Schlenkerla Hansla low-alcohol
also available without smoke flavor: Heinzlein

Historical background:
Hansla low alcoholIn the developed world we are nowadays used to being able to enjoy water in drinking quality anytime. Basis for this are an efficient sewage system including purification plants and a hygienic water network. While already in Roman times such a system had been in operation (though not as technical as today), later Europe was from medieval times until late 19th century not as advanced anymore. Wastewaters flew uncleaned and usually out in the open into rivers; often they were just dumped into the street. Therefore e.g. tanners, which produced particularly dirty effluents, had to be downriver within towns. People drew their water from local wells or from rivers and hence such waters were usually filled with microbes and could cause sicknesses. Anyone who could afford it therefore did not drink plain water.

The beverage of choice was beer: As it is boiled in the brewing process all microbes in the brewing water are killed. In addition, hops has a bacteriostatic effect and prevents new germs from growing. Last but not least the fermentation lowers the pH level of the beer to such an extent that common pathogenic bacteria will not survive in it. Of course the humans of the middle ages did not know any of these scientific facts, but they knew through trial and error, that they often got sick from water, but not from beer.

Standard beers of the time had less alcohol than today, but were closer to light beers with 2-4 % alcohol. The blue print of the monastery St. Gallen (today Switzerland) from 830 A.D. shows a special brewery for this type of beer (plus 2 more breweries for stronger beers). In the monasteries such beers were called "Kovent" or "Kofent". For hard labor with high drinking need and for children this was taken one step further in Bamberg: Light beers with an even lower level of alcohol were brewed using a special brewing technique. To make such a beer bacteriologically stable despite the low alcohol level, it was hopped more than normal beers (similar to IPAs to make them long lasting for the shipment to India).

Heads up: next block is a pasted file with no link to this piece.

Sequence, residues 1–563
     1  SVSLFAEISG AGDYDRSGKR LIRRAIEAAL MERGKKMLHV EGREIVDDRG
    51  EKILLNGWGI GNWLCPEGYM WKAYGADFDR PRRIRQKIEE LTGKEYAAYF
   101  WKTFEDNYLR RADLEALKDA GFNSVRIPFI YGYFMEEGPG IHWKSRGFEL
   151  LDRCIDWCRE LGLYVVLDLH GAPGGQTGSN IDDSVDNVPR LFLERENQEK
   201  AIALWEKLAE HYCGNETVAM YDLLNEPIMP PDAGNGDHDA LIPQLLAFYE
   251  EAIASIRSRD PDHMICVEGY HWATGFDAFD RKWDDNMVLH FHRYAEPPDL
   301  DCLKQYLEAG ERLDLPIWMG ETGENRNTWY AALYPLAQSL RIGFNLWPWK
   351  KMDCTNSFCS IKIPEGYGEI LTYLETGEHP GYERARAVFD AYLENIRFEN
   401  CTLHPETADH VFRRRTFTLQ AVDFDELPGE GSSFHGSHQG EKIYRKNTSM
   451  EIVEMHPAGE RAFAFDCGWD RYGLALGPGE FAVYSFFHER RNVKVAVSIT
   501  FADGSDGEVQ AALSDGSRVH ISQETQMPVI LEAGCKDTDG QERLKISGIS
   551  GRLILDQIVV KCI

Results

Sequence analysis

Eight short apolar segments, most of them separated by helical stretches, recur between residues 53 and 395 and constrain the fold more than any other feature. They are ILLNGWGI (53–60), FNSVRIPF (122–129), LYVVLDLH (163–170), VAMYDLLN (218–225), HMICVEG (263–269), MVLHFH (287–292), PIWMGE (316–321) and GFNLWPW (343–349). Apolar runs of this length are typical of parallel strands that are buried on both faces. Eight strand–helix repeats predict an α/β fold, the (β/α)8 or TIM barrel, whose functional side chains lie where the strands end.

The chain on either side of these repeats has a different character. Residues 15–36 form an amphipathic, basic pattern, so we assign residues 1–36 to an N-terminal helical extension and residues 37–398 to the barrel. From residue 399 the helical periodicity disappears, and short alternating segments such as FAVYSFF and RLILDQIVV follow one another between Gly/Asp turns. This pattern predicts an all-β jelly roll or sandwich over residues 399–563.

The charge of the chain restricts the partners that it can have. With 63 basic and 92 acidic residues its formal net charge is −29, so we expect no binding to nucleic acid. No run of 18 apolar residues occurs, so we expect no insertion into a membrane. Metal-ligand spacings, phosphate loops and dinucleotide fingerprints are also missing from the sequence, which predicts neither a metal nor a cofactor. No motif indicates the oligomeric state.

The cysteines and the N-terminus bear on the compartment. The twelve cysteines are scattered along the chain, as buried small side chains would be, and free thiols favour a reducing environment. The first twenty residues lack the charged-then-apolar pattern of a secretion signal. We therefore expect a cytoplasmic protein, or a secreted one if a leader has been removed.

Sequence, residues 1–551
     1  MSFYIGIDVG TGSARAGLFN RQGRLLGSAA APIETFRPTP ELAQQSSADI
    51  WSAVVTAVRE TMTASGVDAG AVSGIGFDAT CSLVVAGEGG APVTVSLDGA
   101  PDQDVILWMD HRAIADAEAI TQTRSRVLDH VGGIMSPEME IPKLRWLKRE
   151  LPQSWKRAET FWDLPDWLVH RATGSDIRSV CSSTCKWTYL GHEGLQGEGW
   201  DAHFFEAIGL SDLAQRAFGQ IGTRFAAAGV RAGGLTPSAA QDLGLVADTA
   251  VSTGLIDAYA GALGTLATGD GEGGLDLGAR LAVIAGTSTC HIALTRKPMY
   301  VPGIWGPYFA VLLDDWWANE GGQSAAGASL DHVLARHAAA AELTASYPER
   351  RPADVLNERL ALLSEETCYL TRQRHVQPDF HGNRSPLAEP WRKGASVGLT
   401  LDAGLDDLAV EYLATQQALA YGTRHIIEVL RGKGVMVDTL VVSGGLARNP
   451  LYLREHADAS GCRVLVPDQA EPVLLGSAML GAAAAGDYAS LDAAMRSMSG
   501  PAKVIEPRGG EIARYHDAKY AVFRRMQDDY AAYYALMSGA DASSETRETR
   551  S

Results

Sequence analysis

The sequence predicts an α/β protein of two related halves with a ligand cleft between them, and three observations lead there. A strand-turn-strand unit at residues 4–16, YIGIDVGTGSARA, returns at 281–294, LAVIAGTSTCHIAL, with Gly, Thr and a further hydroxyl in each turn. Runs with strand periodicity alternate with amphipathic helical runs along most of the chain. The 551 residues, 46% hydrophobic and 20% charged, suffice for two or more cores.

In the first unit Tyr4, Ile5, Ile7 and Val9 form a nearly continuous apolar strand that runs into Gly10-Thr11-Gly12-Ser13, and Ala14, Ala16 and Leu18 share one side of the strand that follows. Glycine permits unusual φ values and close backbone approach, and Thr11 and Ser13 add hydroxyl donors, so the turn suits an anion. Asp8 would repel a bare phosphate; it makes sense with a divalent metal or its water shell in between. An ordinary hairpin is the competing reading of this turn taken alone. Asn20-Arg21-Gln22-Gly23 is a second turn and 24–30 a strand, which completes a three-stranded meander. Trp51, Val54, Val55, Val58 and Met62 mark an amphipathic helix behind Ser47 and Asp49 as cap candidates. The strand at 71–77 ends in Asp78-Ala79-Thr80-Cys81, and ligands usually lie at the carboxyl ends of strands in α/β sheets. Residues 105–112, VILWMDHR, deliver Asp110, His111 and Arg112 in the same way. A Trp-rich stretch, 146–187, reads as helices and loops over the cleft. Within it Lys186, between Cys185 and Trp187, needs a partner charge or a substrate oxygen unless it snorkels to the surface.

Aecht Schlenkerla Rauchbier Hansla continues this tradition today in brewing a low alcohol (0.9 % alc./vol.), hoppy, unfiltered smoked beer using this old brewing technique. At the same time it has only 13 calories per 100ml, i.e. 65 calories per half liter.

low alcohol or alcohol free (in Germany)?

< 1.2% alk./vol. = low alcohol
< 0.5% alk./vol. = alcohol free (so called)
The limit for so called "alcohol free" has been set by German lawmakers and varies depending on type of beverage. Grape juice for instance can have up to 1% alcohol per volume while still being a " alcohol free beverage".

And completely free from alcohol?
There are a few beers with 0% alcohol, but these have to be made with an expensive technical machinery. Hence those beers are typically only produced by industrial breweries.

Beers descriped as "alcohol free" have due to technical reasons for the most part an per volume alcohol contenct of close to 0.5% (the limit set by law). In those beers the fermentation is stopped by pasteurizing them, which results in the typical sweet maltsugar flavor known e.g. from alcohol free wheat beers, and some people call this flavor "not beer like". As the Rauchbier Hansla and the Heinzlein such beers are therefore not totally free from alcohol. In the old brewing technique for Hansla & Heinzlein the fermentation is however not stopped, as the necessary technology for this had not been invented yet in the Hansla era. The alcohol contenct is hence a bit higher than in so called alcohol free beers, but the beer flavor is more genuine. Hansla low-alcohol in the online shop


all smokebeer varieties